This trip has shown me even more the value of teaching a man to fish rather than trying to be God’s answer to a problem. God can do so much more when we lay down our own agendas, get out of the way and follow His lead. For example last week we had big plans of trying to video some treatment sessions so we could create some instructional videos for future teachings of therapy techniques. We had the camera set up, the patients scheduled, a release form made, and a plan ready. Well, when the first patient came and we gave them a standard release we would do in our country it totally freaked the mom out. The language was too legal and she did not want to sign it. If we just simply ask can we take some pictures for future teachings everyone has been more than willing to agree. We then proceed to have many patients that did not come to therapy that day. We were unable to record as planned but instead had a blast working with the therapy workers showing them treatment techniques to do on the ball and scooter board. We were playing like kids and learning from each other. It was great fun. The day did not go as planned but the goal was achieved.
As I work more with Jennifer (my therapy friend here) I am learning more and more how to teach the therapy basics to locals that have the desire to learn and serve others in this way. God is giving me a heart to take this knowledge to other hard to reach places where there is currently nothing for people with disabilities. It is so exciting to teach this gift God has given to others and share His love in this way. It is so fun to watch as the therapy workers grasp a new concept and then step back and watch them work with a child. It is like watching a child take their first steps as they slowly gain their confidence and then just take off on their own. I feel so very blessed to be right where God has me and I am very excited about what plans God has for this next year. As always I thank each and every one of you for your love, prayers and faithful support of the work God is doing in me and through these wonderful ministries.
Apr 17, 2012
In the several months leading up to moving to Haiti I had for the most part stopped exercising. My days were filled with trying to wrap up the last 7 years in Texas, sell a house, leave a job, church, friends, family that I loved, and just prepare for the new adventure God had me on. It felt like I was being pulled in a million directions and there were just not enough hours in the day to stop and exercise.... or so I thought. For me exercise specifically running has always been an outlet and way to process all that is going on around me. It has been a way to challenge what is physically and mentally possible and a way for me to just get quite and enjoy a conversation with our creator while taking in the beauty around us.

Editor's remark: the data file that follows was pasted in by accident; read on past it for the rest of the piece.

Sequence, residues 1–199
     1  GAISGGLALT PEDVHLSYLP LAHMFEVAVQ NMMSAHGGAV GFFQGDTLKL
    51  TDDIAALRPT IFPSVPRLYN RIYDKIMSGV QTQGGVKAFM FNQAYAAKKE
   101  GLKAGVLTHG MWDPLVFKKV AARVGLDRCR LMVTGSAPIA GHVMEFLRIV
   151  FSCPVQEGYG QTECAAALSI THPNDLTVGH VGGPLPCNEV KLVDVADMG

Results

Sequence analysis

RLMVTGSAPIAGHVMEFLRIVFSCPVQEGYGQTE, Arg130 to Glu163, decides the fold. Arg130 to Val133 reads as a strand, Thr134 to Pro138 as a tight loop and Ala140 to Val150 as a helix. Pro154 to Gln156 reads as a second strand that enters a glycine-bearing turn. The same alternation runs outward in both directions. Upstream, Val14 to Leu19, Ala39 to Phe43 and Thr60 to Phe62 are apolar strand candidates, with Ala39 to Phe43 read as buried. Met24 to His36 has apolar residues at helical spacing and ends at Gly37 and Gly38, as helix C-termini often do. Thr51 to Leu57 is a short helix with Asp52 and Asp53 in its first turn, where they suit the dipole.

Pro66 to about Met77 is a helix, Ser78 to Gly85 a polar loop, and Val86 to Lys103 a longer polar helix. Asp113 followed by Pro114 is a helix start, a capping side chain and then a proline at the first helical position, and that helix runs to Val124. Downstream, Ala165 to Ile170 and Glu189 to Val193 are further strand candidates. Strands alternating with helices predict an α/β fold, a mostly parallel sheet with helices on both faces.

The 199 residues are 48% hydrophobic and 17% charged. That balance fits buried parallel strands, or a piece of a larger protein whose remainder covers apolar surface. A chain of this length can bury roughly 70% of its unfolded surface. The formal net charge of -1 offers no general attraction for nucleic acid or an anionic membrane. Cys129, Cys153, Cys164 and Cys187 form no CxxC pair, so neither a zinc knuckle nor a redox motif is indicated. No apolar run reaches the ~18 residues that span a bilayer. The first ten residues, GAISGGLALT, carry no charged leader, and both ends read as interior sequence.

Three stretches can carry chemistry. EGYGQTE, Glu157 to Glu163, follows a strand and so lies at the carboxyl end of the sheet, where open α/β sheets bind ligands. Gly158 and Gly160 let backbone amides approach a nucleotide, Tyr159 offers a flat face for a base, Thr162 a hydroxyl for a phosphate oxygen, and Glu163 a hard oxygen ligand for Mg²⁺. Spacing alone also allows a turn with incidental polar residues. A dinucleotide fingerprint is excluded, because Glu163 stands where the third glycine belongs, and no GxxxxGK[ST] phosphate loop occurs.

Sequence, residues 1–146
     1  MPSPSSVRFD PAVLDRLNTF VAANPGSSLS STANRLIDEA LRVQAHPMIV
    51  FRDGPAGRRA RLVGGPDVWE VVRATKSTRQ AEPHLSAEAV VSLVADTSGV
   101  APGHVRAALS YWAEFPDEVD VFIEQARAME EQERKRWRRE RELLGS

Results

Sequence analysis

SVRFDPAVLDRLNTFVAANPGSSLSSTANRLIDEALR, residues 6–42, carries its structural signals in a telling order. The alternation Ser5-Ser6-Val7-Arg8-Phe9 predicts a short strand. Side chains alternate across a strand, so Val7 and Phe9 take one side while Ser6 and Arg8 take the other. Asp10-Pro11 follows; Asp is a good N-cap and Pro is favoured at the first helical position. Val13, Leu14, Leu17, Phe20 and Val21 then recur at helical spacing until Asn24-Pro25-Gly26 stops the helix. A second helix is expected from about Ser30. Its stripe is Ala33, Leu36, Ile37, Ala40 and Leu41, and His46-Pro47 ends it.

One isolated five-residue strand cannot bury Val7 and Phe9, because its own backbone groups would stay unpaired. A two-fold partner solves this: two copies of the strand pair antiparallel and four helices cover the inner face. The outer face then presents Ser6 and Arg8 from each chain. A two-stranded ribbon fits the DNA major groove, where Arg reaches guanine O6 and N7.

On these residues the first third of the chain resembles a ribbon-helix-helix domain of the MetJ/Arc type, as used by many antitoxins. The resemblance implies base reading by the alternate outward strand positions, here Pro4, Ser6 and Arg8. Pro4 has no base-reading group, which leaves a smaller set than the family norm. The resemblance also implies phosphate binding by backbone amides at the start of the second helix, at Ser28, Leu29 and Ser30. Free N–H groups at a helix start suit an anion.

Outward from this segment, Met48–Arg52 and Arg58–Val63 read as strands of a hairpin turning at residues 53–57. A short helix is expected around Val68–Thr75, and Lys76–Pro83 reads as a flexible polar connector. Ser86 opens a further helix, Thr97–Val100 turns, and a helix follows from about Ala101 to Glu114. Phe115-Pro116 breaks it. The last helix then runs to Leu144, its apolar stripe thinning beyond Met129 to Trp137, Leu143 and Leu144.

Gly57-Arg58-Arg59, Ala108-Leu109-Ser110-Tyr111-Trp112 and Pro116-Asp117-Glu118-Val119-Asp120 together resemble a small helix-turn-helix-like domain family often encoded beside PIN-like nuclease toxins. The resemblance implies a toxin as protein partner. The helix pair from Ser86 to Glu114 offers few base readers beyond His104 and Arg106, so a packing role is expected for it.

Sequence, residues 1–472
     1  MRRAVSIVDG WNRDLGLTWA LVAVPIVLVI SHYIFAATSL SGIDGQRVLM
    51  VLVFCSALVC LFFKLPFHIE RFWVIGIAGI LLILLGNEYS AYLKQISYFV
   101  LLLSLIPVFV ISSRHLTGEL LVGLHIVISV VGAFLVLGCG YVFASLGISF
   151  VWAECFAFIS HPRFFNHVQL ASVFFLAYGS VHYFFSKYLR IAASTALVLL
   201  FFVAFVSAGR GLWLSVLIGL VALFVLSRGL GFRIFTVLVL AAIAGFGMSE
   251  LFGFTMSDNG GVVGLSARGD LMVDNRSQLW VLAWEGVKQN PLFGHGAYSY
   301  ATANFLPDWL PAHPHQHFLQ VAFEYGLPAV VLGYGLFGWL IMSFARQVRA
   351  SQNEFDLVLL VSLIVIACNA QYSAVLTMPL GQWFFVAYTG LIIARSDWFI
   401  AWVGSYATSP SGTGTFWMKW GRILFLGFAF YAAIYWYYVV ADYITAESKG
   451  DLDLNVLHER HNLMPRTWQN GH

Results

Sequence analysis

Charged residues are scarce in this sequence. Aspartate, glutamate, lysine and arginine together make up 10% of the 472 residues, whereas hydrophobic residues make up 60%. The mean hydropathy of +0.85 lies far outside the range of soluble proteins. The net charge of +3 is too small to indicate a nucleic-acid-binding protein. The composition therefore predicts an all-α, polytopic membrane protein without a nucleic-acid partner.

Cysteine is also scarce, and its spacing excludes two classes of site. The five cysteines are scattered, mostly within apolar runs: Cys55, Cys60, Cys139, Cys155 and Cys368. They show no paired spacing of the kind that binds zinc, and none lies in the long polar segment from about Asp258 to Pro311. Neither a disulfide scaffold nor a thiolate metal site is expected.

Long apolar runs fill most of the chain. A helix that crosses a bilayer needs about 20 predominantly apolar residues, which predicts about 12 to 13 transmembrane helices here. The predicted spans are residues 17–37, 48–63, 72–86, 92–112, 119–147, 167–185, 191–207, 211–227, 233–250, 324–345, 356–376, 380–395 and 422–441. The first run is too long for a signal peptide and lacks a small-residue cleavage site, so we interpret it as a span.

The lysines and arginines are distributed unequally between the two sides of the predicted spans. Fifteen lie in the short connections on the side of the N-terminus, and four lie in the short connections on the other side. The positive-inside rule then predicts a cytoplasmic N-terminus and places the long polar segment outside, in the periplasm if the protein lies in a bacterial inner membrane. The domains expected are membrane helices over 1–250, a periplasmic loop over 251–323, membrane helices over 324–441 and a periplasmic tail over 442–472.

When I moved to Haiti and met Jeanie she was equally full of energy and shared a similar passion and need for exercise however she was much faster. So I quickly had to start getting this old self back into shape if I was going to chase after her. We started doing some basic runs around the compound but quickly learned running the same loop around the same 5 acres was not going to get it. Part of the cool part of running is exploring your environment and here we were in a completely new country, where we didn’t speak the language, and knew very little about our surroundings but had this desire to just explore. Many told us it was unsafe and not smart as two white females to just go running off in Haiti. First of all many Haitians don’t understand the point of running just to run. I mean if you are chasing a chicken or goat that is one thing but to exercise just to exercise does not make a lot of sense to most. Secondly we understood you have to be smart and aware of your surroundings but you can’t live in fear. This was going to be our home for the next 15 months so it was time to start exploring a little bit at a time.
After learning some basic Creole and getting a very basic sense of our surroundings we slowly decided to venture off of our 5 acre compound and run around our neighborhood. For the first time we were out truly experiencing the culture, seeing how people lived, how they ported water, and the different ways they travelled. We were fully immersed without any barriers hearing them sing, watching them washing clothes in buckets, cooking in small pots over coal, carrying large objects on their heads, watching them dance, passing children as they chanted “blan”, watching the men play dominoes, smelling the burning trash, dodging the motos and tap taps, watching the farmers work with machetes, hearing them preach in church, being cut off by cows/goats/ or dogs and just meeting people where they were at. It was eye opening because every run was full of the unexpected, we never knew what we were going to encounter or where the run was going to take us. Sometimes it even took us into the homes of our patients we would pass in the street.
Our hearts and minds raced as we tried to process it all but this had become our outlet. It was the time in the day where we could just go, let our minds get lost in our new reality, and experience the complex beauty that was around us. It was this beauty that made me fall in love with Haiti. Its simplicity yet complexity. Its magical mountains and surreal beaches. Its people that despite their circumstances were not only surviving but in many ways happy. The people demonstrated such inner strength by the way they cared for their families and strangers with such resilience and grace despite the challenges of life in a place where it can be a struggle just to provide very basic needs. It was unlike any other place I had ever been. It challenged me, stretched me and made me question what really matters in life. I wanted others to be able to experience this side of Haiti and not the hopelessness and desperation that is shown in the news. So this is where the idea started in December when Jeanie asked wouldn’t it be great to run across Haiti and make a documentary to share with others the Haiti we have come to know and love. The school of Haiti that has in many ways changed our lives.